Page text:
Spiegel, Kimberly S. , Leege, Lissa M. .
Impacts of Laurel Wilt Disease on Redbay (Persea borbonia) Population Structure and Forest Communities in the Coastal Plain of Georgia, USA.
Laurel wilt disease, a fungal vascular wilt disease vectored by the non-native redbay ambrosia beetle (Xyleborus glabratus), has caused mortality of redbay (Persea borbonia) in the coastal plain of Georgia, USA, since 2003. This recently introduced disease is spreading 30-100 km/year and little research has been done to study its impacts on redbay population structure and forest communities. Healthy and impacted populations of redbay and their associated communities were compared in five sites infested with laurel wilt disease and three un-infested sites in five counties in GA, USA. Tree layer was sampled in 8-10 randomly selected 10x10 m plots. Shrub layer was sampled in 4-5 2x2 m plots randomly selected within tree plots, and herb layer was sampled in 1x1 m plots nested in each shrub layer plot. Our research showed that only 8% of redbay trees >3 cm DBH were alive in infested sites, compared to 80% of trees alive in control sites. Live redbay trees had 2.1 times greater average DBH in control sites. Dead primary tree stems had 2.9 times more average stump sprouts per tree in infested sites. Importance values (IV) of redbay at the tree layer were approximately 5 times greater in control sites. In contrast, importance values of redbay were 2 times greater at the shrub layer and 1.6 times greater at the herb layer in infested sites. Photosynthetically active radiation (PAR) was 4.8 times greater at infested sites due to loss of redbay canopy. Laurel wilt disease impacted trees >3 cm DBH which resulted in lower IVs at the tree layer. Higher IVs at the shrub and herb layer are evidence of regeneration in the understory due to increased light availability and the number of stump sprouts generated at dead primary stems. Laurel wilt disease has affected populations of redbay and forest communities in Georgia, and future research may show further shifts in population and community structure.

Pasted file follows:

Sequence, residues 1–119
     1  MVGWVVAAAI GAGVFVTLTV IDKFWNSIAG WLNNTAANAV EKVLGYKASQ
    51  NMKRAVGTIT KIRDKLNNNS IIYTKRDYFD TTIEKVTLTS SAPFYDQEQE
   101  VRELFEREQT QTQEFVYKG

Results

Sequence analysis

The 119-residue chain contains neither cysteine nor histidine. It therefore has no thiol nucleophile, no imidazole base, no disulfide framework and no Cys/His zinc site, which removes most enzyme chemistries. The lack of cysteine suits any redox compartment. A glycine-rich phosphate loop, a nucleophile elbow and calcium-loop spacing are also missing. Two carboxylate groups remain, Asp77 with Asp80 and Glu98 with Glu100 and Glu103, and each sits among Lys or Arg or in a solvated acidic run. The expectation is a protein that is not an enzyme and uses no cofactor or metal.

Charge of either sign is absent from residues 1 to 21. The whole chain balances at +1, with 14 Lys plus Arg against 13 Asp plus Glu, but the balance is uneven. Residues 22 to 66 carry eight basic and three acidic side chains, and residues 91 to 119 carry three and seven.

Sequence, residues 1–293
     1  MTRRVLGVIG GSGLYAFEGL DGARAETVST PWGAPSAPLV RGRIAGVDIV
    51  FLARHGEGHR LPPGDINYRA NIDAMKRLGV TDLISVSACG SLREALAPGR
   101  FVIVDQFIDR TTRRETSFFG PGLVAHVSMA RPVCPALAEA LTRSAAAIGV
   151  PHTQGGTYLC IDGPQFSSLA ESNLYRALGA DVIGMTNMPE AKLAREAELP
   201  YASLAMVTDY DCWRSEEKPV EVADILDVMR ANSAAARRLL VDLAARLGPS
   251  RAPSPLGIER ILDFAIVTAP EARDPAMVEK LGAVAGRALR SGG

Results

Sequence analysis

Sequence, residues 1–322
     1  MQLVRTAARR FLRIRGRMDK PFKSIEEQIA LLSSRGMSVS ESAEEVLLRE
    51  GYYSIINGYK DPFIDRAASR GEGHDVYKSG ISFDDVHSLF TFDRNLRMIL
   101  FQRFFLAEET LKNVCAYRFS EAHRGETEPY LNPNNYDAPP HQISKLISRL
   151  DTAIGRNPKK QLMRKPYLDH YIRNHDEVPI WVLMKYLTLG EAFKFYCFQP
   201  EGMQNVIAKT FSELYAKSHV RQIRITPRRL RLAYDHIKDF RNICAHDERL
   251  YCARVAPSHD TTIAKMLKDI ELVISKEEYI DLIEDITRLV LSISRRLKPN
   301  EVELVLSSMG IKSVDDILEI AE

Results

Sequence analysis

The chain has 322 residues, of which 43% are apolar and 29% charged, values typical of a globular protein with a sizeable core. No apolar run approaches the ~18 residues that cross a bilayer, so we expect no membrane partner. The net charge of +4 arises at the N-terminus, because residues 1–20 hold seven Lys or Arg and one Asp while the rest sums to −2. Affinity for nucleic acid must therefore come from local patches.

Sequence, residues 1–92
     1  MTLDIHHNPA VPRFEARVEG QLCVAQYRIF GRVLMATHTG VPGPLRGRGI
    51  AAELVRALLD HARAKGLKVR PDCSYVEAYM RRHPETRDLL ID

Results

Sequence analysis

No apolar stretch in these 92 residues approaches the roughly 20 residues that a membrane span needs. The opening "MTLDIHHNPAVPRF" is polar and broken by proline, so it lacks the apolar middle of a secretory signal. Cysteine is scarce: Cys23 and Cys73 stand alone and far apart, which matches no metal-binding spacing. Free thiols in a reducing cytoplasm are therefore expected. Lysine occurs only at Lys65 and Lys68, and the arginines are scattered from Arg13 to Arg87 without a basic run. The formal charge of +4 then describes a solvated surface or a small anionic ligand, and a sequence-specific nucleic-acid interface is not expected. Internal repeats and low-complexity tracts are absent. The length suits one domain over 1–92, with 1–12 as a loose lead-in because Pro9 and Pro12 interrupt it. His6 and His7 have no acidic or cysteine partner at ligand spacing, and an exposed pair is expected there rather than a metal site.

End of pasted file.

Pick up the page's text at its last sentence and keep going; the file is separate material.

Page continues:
Log in to add this item to your schedule
1 - Georgia Southern University, Biology, P.O. Box 8042, Statesboro, GA, 30460, USA
laurel wilt disease
Presentation Type: Oral Paper:Papers for Sections
Location: 552A/Convention Center
Date: Monday, August 2nd, 2010
Time: 4:00 PM